Thus, SFSP was created through the Food and Nutrition Service, an agency of the U.S. Department of Agriculture, to fill the hunger gap. The program provides children in low-income areas free, nutritious meals and snacks. Having this food security helps them get the nutrition they need to learn, play, and grow in the summer months.

Sharing is Caring

Sharing is Caring

The meals usually consist of a sandwich, a fruit or vegetable, juice, and chocolate milk. To reduce food waste, the kids place what they don’t want on a sharing table, which other kids can have.

Aside from the structured daily agendas that include computer classes, lessons on creative writing, and art workshops, the kids are allowed to play games at designated times. On any given day, one can find the kids racing each other on Mario Kart, building houses on Minecraft, jamming out to Eye of the Tiger on Rockband, and laughing at Apples to Apples.

The Youth Room

The Youth Room

After learning about programs and policies related to nutrition education and disseminating nutrition information, I am really excited to take the knowledge and skills I gained in those courses and implement my ideas.

Stay tuned to see the kids learn how to make healthy snacks, create videos about food, and grow vegetables at the community garden!

Our Stellar Students: Julie Dunnigan, Nutritional Sciences, Dietetics

Hello everyone! My name is Julie Dunnigan and I am a rising junior at Penn State majoring in Nutritional Sciences with a dietetics option. I live in New Jersey right across the bridge from Philadelphia, and 10 minutes from The Food Bank of South Jersey– where I have been spending the first part of my summer.

The Food Bank of South Jersey is the largest source of food assistance in Southern Jersey. In operation for over 26 years, it has provided the equivalent of 76 million meals to people and families in need. But, over the years the city requiring the most assistance has been Camden, NJ. This is where I have been spending all of my time while working with the food bank.

 

Future chefs?

Future chefs?

The food bank’s mission statement explains that its not only important to feed people, but to teach them about nutrition and healthy eating habits as well. So, I have been assisting with teaching classes to elementary and middle school students on the importance of healthy eating and cooking. At first I was nervous about how the kids would take to the lesson plans- middle schoolers are notorious for being tough to handle. But, these kids aren’t only interested in learning, they’re down right enthusiastic!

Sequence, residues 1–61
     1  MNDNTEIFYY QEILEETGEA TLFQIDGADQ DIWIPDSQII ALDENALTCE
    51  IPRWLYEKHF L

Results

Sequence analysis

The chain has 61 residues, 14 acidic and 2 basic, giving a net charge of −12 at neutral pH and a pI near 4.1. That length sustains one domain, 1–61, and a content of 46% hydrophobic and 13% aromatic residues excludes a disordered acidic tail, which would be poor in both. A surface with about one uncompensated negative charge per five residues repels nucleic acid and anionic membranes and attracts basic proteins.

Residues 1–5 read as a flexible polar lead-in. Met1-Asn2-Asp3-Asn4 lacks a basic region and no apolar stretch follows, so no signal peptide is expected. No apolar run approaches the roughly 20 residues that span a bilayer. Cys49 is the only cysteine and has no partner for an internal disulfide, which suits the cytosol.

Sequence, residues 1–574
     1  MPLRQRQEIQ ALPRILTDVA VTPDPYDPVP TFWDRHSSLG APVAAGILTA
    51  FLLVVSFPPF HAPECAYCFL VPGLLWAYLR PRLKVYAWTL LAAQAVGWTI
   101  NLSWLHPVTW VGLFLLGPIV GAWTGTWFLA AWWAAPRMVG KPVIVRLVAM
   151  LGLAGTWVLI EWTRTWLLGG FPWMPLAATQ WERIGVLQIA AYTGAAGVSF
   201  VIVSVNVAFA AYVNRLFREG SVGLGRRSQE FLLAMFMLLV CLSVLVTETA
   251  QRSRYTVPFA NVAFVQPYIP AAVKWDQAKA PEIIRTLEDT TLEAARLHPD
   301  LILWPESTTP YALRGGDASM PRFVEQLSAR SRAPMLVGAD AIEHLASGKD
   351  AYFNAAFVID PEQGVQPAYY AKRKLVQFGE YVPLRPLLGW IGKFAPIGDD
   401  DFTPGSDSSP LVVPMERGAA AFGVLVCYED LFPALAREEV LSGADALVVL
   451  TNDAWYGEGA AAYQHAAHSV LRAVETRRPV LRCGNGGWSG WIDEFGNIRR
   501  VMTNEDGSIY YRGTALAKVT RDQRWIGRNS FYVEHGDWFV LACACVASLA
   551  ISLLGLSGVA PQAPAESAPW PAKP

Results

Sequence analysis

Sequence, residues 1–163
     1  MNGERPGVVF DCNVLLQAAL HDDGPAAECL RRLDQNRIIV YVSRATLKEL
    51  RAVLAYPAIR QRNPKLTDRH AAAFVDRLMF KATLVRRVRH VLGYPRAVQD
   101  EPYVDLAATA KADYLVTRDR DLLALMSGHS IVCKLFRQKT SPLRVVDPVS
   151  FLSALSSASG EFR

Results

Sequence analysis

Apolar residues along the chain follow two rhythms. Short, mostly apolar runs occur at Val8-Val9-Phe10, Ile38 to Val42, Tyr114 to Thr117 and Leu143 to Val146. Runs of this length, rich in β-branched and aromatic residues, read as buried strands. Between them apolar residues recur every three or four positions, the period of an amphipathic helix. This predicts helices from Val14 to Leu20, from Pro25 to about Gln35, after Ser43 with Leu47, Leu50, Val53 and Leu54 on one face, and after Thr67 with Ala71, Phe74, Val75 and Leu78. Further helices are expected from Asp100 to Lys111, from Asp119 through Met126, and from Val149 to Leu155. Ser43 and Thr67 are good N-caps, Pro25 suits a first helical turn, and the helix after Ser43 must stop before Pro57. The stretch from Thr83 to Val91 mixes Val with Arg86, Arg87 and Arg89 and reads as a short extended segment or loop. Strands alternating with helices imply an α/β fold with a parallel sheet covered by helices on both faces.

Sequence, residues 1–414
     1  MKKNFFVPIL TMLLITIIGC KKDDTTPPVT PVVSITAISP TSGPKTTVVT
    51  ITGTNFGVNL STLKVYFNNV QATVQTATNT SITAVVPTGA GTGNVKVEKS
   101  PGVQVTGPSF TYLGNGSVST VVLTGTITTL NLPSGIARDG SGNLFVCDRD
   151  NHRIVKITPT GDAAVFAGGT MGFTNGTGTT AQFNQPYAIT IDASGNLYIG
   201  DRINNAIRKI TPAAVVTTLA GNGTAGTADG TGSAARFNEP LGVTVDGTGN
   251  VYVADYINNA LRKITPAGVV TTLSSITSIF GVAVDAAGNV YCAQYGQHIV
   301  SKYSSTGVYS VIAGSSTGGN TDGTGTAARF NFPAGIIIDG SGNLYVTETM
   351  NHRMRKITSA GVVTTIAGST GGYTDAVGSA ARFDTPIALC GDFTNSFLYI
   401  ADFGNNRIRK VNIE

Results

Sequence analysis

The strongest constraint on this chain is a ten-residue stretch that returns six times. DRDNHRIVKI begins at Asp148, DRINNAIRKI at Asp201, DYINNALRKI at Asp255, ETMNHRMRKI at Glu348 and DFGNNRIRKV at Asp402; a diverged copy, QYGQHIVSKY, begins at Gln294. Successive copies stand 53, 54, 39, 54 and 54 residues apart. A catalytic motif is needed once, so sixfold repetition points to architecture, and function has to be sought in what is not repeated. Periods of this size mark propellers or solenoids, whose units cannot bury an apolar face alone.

For the first few weeks I was sent down to a public middle school to help out with an after school program for boys. Another intern and I would help the instructor with a short lesson at the beginning of each session about a nutrition topic while the volunteer chief got the ingredients washed for that days recipes. We would have the kids take part in the demonstrations, my favorite being when the kids had to add up the amount of fat in a Whopper and scoop the equivalent amount of fat out of a can of Crisco. We were all shocked at how much fat there was! During the cooking portion of the class, the boys were responsible for all the preparation, cooking, and clean up with that day’s healthy recipes.

Tastier and more nutritious than fast food

Tastier and more nutritious than fast food

In addition to the cooking classes, I’m also involved in a program the food bank runs which educates children on the farm-to-fork process. The kids learn how the crops from farms end up in grocery stores and, ultimately, on our plates. This activity is geared toward the younger students, in 3rd and 4th grade. The most amazing part about working with all these different kids is that I have yet to find one who does not want to participate in the activities. The curiosity they show makes teaching them so much more fun!

While I’ve had an amazing time working with the Food Bank of South Jersey, I’m also very excited to start the second and most thrilling part of my work this summer, in Africa. For the month of July I will be helping develop a farm for an orphanage in southern Ghana. I look forward to sharing my adventures with everyone when I get back in early August!

Our Stellar Students: Sharmila Sandirasegarane, Post #2

Sharmila Sandirasegarane updates us on health care in Tanzania:

Compared to the Kibiti Health Center, equipped with a few consultation rooms and an operating room for minor procedures, the Lushoto District Hospital seemed to be stocked. Tanzania has a multi-tiered, decentralized health system with facilities ranging from rural dispensaries, with minimal services, to national referral hospitals, with the country’s highest level of care. Between these levels, patients can be referred to health centers and district hospitals.